Blog | 09 Dec 2021

Home working and remote rural places: Evidence, problems, and a proposal

Richard Holt

Director of Global Cities Research

Over the last year and a half, many office workers have decided they can work from almost anywhere with a desk, a decent internet connection, and enough space. People say they are just as productive at home as when they are in the office. If so, then maybe rural towns and villages can now compete with the big city, when it comes to productive desk-based working. Perhaps cities will no longer be the great drivers of growth?

There may be lessons to be learned from recent history. A decade ago, the hot topic was broadband and whether it could help remote and previously under-performing local areas raise their competitiveness—reversing a centuries-old pattern in which the most remote places tend to have the lowest incomes per head.

It was hoped that for employers and workers in such locations, broadband would help to overcome the problems of remoteness. Better digital connectivity would lower costs, and it would enable innovation, for example by making it easier to collaborate. Plus, broadband would allow for more flexible patterns of work, including working at home, in areas where travel to work can be very problematic. And broadband would lower the barriers to starting a business, boosting rural entrepreneurship. Much of this sounds very similar to the debates we are having today; the motivations are different, but the arguments are very similar.

Rural areas have lower income per head than urban areas: evidence from the US, 2019Rural areas have lower income per head than urban areas evidence from the US, 2019

Source: US Bureau of Economic Analysis, US Census Bureau, Oxford Economics

What were the outcomes? The What Works Centre at the London School of Economics has examined more than 1,000 research papers on the subject, whittled them down to just 16 that follow robust methodologies—half from the US and half from Europe—and has drawn some conclusions. It finds that when broadband was introduced into a local area it sometimes raised companies’ productivity, but not always and not necessarily by much, with a lot depending on whether complementary investments were made, and on the skill levels of those involved.

A study in the US, reviewed by the LSE team, showed that spreading broadband to rural counties encouraged the formation of new local businesses—but only for the least remote areas. Proximity to a city was still a vital driver of company formation, even though the new technology was supposed to facilitate remote working. Similarly, a UK study found that broadband actually did more to stimulate urban economies than rural ones, when all other factors were allowed for—suggesting that digital contacts do not fully replace real ones.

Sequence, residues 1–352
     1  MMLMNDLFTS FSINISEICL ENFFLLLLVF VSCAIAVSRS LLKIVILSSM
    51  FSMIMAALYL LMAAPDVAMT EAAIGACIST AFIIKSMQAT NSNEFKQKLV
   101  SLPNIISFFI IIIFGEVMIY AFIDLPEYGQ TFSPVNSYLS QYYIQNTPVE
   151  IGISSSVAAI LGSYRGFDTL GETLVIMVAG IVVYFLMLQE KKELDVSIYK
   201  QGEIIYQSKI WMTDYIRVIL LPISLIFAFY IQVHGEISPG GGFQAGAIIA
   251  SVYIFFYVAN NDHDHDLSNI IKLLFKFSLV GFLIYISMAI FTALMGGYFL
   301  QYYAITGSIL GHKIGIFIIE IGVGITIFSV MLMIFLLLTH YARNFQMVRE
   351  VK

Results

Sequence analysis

More positively, one study found that expanding broadband into a location had a positive impact on women’s participation in the labour market. And crucially, there was evidence from some studies that providing broadband to a local area might encourage suitably skilled people to move to it—which may be closely analogous to the post-pandemic case of people leaving their city offices to work in a semi-urban, rural, or remote seaside location.

Of course, the adoption of broadband a decade ago is not identical to the possible spread of remote working today. But that does not mean it tells us nothing. First, distance does not die, as a recent Oxford Economics Research Briefing confirms. Second, while new technology may open up opportunities, it particularly increases the options available to those who, thanks to their professional or technical skills, are already in the strongest position in the labour market.

There is a lesson for policy makers, too: don’t assume that “working from home” will solve all the problems of remote rural communities. Government agencies should continue to encourage and support online business communities, linking together those in cities with those in rural communities, using the new digital technologies to provide forums for exchanging ideas and opportunities, training, and help with technical matters such as product standards. The aim would be to build business networks that jump geographical boundaries. Government’s role would be catalytic: getting the networks in place, then watching them grow. The cost would be low, the potential large.

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